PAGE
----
How To Improve Ribcage Mobility and Overhead performance

Fixing the way your ribcage moves can unlock vast improvements in mobility in the shoulders.

The bones in our ribcage are relatively pliable and flexible.  

However, just like other muscles and joints, they can become stiff and locked into restricted positions without care and activity.

How can we improve the way our ribcage moves?

By combining certain positions of the arms with focused and mindful breathing techniques, we can expand those locked up areas.

Here are three simple reaching patterns you can use to help unlock the specific areas of your upper body.

With each of these reaches breathe in the following manner:

1.  Gently exhale through mouth as if you were trying to fog up a window, feeling the sides of your abs tension up throughout the exhalation.
2.  Hold breath for 5 seconds.  
3.  Place tongue on roof of mouth and behind the incisors.
4.  Inhale through the nose gently, drawing air into the lungs slowly and expanding the ribcage in 360 degrees.  The belly and ribcage should rise and expand concurrently.

No matter the position in which you are trying to improve, hold each position for one cycle of 5 breaths, with more time spent exhaling than inhaling.

Keep your neck and shoulders relaxed in order to prevent those areas from assisting in breathing.

  1. Arms Pointed Down (0-60 degrees), Palms Pointed Up or Facing Each Other.
    1. Improves expansion of the back (posterior) side of the ribcage.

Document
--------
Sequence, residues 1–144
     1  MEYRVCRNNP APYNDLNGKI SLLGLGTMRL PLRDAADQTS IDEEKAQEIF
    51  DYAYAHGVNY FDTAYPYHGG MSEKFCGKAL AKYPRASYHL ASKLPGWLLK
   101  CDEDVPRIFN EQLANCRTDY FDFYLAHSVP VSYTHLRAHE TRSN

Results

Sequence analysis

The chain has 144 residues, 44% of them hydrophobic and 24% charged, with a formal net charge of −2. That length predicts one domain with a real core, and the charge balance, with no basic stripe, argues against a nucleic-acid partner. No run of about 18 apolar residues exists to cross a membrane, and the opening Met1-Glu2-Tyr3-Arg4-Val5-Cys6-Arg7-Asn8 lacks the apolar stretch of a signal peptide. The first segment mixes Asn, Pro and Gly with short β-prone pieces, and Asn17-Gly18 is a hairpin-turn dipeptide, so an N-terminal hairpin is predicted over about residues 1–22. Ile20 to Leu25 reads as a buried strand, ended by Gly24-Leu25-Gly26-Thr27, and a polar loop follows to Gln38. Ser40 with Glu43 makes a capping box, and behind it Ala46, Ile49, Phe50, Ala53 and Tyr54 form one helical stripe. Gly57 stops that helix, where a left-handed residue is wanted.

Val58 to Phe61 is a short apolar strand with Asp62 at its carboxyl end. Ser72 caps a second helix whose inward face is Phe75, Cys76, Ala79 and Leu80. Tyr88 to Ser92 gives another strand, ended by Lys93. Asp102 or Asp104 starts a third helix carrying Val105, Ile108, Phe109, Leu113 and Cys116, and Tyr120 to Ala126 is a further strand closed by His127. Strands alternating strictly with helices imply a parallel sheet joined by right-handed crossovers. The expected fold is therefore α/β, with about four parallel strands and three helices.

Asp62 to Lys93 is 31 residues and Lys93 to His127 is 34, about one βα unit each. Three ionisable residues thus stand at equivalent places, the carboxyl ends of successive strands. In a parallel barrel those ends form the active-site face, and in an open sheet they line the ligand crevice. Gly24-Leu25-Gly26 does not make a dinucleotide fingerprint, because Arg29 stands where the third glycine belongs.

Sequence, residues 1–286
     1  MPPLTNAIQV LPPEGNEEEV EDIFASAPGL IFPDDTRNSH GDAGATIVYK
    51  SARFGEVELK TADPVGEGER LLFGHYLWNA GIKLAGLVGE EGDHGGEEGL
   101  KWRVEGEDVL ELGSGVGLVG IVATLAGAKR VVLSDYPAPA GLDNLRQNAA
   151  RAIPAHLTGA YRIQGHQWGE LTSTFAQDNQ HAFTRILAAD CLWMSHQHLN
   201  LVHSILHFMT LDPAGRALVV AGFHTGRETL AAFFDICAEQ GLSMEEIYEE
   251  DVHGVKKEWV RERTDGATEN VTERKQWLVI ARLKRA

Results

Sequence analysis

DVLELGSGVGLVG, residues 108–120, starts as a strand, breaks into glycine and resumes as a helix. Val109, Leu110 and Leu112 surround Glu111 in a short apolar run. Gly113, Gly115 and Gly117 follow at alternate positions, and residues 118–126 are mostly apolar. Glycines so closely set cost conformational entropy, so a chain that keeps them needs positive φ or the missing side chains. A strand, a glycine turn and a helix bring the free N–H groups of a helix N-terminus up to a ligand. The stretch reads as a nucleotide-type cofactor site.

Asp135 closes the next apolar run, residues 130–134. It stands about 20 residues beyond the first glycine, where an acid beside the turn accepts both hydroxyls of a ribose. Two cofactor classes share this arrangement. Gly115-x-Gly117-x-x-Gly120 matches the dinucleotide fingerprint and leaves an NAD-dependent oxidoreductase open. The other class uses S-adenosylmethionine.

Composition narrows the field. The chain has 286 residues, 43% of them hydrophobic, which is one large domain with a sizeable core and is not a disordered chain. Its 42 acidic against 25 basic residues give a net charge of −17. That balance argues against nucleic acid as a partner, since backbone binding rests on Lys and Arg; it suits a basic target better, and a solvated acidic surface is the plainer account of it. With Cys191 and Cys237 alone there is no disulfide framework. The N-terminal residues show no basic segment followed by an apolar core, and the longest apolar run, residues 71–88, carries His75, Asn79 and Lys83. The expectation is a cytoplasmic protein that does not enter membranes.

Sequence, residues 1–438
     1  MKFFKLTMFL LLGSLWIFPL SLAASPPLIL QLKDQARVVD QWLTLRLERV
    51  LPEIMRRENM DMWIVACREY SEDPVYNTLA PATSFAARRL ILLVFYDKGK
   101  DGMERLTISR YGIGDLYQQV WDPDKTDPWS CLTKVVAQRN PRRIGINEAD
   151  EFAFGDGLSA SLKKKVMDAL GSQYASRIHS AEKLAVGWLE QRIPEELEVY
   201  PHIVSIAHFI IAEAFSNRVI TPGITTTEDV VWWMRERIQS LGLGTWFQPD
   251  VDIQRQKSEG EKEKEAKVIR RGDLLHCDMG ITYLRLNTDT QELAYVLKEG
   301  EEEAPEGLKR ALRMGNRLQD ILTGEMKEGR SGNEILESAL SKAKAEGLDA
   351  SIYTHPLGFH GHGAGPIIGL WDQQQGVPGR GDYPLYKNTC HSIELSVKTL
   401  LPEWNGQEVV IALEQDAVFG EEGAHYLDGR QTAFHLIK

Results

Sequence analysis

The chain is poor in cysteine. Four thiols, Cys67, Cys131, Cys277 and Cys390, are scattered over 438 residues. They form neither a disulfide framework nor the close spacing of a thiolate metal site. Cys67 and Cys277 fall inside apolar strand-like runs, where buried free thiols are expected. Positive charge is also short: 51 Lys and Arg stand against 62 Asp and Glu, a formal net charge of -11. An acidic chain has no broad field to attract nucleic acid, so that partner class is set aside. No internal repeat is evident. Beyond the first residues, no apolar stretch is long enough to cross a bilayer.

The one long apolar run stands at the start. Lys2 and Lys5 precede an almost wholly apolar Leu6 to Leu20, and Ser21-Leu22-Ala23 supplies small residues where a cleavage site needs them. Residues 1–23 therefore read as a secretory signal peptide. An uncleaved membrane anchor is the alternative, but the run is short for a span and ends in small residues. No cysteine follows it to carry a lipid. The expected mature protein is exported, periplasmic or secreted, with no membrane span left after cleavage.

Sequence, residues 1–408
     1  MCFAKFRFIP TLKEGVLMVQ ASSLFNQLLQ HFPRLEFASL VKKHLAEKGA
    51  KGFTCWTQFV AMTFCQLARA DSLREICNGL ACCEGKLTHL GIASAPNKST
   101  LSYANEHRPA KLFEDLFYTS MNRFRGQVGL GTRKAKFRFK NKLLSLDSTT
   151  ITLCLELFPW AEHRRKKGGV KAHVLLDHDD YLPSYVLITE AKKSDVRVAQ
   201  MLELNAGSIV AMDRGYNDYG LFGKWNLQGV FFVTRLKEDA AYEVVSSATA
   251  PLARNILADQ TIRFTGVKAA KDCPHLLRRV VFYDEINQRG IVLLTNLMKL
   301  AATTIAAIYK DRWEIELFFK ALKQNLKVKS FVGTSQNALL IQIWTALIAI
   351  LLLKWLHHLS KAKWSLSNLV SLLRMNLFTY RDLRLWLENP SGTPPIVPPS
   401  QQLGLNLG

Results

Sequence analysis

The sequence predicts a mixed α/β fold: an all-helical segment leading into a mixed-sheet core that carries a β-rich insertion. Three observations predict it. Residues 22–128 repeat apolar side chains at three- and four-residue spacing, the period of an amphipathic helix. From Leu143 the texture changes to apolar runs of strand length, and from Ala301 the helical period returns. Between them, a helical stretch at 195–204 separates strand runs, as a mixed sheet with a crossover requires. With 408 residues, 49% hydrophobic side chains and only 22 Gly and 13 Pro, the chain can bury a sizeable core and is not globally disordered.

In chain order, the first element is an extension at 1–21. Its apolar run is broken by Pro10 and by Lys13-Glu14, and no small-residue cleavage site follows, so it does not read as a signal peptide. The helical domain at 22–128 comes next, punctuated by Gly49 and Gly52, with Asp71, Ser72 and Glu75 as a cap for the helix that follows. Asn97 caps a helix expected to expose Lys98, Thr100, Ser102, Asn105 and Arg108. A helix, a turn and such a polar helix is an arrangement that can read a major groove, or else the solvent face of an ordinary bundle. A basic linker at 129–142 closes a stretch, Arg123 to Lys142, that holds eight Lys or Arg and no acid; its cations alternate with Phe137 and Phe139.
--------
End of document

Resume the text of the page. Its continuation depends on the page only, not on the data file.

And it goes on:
2. Sitting or standing tall targets lower (inferior) portions of ribcage.
      1. Good for folks with excessive lumbar extension and anterior (forward) pelvic tilt.
    3. Sitting or standing with rounded upper back targets middle portions of ribcage.
      1. Good for folks who struggle with knots in upper back or winged scapula.
  1. Arms Pointed Forward (60-110 degrees), Palms Pointed Down.
    1. Sitting or standing improves expansion of the front (anterior) side of upper ribcage.
      1. Good for folks with have forward rounded shoulders and limited overhead mobility.
  1. Arms Pointed Overhead (120+ degrees), Palms Pointed Up or Facing Each Other.
    1. Sitting or standing improves expansion of upper posterior ribcage.
      1. Good for folks who struggle with restricted scapula upward rotation and scapula posterior tilt.
  2. Arms Pointed Overhead (120+ degrees), Palms Pointed Down
    1. Sitting or standing improves expansion of lower anterior ribcage.
      1. Good for folks who struggle with overhead movements and trunk rotation.